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Health Risks of Polybrominated Diphenyl Ethers (PBDEs) and Metals at Informal Electronic Waste Recycling Sites

1
Institute of Environmental Sciences (CML), Leiden University, P.O. Box 9518, 2300 RA Leiden, The Netherlands
2
Department of Chemistry, University of Ibadan, Ibadan 200284, Nigeria
3
Key Laboratory of Industrial Ecology and Environmental Engineering (Ministry of Education), School of Environmental Science and Technology, Dalian University of Technology, Dalian 116024, China
4
Center for Safety of Substances and Products, National Institute of Public Health and the Environment (RIVM), P.O. Box 1, 3721 Bilthoven, The Netherlands
*
Authors to whom correspondence should be addressed.
Int. J. Environ. Res. Public Health 2019, 16(6), 906; https://doi.org/10.3390/ijerph16060906
Received: 21 December 2018 / Revised: 7 March 2019 / Accepted: 8 March 2019 / Published: 13 March 2019
(This article belongs to the Special Issue Safety and Analysis)
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Abstract

Concerns about the adverse public health consequences of informal electronic waste (e-waste) recycling are increasing. This study adopted a cross-sectional study design to gain insights into health risks (cancer and non-cancer risks) associated with exposure to e-waste chemicals among informal e-waste workers via three main routes: Dermal contact, ingestion, and inhalation. The e-waste chemicals (PBDE and metals) were measured in the dust and top soils at e-waste sites (burning, dismantling, and repair sites). Adverse health risks were calculated using the EPA model developed by the Environmental Protection Agency of the United States. The concentrations of the e-waste chemicals and the health risks at the e-waste sites increased as the intensity of the e-waste recycling activities increased: control sites < repair sites < dismantling sites < burning sites. Dermal contact was the main route of exposure while exposure via inhalation was negligible for both carcinogenic and non-carcinogenic risks. Cumulative health risks via all routes of exposure (inhalation, ingestion, and dermal contact) exceeded the acceptable limits of both non-cancer effects and cancer risk at all e-waste sites. This indicates that overall the e-waste workers are at the risk of adverse health effects. Therefore, the importance of occupational safety programs and management regulations for e-waste workers cannot be over emphasised. View Full-Text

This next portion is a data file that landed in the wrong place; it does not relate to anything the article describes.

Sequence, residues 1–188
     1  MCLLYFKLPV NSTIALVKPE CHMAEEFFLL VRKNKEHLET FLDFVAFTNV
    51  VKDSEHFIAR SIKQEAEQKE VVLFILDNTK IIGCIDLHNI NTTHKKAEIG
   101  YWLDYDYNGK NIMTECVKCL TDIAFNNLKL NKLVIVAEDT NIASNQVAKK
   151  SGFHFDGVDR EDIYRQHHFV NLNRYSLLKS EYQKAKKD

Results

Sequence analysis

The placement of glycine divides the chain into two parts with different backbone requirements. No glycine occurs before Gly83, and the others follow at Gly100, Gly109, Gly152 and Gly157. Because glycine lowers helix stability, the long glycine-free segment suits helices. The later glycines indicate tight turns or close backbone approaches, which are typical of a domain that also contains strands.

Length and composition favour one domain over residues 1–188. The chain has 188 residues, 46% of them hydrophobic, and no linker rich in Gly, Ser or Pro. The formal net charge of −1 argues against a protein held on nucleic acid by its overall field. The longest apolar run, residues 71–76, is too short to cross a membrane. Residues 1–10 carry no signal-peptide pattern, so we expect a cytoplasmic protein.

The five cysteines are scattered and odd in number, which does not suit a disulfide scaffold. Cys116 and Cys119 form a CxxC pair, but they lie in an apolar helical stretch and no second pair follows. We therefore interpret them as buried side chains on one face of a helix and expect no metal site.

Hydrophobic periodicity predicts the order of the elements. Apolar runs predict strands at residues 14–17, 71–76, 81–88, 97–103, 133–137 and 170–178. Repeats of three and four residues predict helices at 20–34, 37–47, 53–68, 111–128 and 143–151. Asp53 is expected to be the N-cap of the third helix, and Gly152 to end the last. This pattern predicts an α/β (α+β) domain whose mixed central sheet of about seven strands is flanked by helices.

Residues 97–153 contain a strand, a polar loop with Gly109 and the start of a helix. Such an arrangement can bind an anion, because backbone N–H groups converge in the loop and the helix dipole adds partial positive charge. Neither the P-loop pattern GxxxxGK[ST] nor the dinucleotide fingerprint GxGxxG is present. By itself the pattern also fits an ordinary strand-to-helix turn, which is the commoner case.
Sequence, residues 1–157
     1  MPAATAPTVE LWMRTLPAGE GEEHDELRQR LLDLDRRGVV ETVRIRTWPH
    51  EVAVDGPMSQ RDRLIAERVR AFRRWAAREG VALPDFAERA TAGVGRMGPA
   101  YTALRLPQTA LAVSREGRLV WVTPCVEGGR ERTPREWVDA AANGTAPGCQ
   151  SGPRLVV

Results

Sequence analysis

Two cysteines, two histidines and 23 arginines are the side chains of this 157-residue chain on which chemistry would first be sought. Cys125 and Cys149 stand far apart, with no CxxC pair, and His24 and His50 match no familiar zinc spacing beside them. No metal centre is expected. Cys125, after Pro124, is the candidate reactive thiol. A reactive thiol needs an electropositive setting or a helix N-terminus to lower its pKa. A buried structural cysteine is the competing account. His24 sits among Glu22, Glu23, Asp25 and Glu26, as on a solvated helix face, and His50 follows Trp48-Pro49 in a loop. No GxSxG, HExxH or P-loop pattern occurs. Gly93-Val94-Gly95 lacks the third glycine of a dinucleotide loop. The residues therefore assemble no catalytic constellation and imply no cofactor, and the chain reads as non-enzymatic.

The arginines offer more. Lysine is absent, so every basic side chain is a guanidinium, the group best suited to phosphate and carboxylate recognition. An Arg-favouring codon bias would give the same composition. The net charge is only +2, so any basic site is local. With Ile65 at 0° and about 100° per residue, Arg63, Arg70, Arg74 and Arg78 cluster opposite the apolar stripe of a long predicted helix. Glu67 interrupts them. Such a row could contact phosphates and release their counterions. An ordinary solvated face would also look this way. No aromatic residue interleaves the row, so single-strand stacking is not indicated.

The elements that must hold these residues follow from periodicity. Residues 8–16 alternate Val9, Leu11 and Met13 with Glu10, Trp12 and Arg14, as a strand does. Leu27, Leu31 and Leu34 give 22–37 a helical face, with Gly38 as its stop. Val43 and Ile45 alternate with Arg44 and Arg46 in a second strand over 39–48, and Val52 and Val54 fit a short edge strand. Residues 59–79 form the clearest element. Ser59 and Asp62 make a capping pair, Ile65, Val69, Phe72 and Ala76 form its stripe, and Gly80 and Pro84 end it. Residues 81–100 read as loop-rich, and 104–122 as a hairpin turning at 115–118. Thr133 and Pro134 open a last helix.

Keywords: electronic waste; informal recycling; PBDEs; metals; soil; dust electronic waste; informal recycling; PBDEs; metals; soil; dust
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This is an open access article distributed under the Creative Commons Attribution License which permits unrestricted use, distribution, and reproduction in any medium, provided the original work is properly cited (CC BY 4.0).

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Ohajinwa, C.M.; van Bodegom, P.M.; Osibanjo, O.; Xie, Q.; Chen, J.; Vijver, M.G.; Peijnenburg, W.J.G.M. Health Risks of Polybrominated Diphenyl Ethers (PBDEs) and Metals at Informal Electronic Waste Recycling Sites. Int. J. Environ. Res. Public Health 2019, 16, 906.

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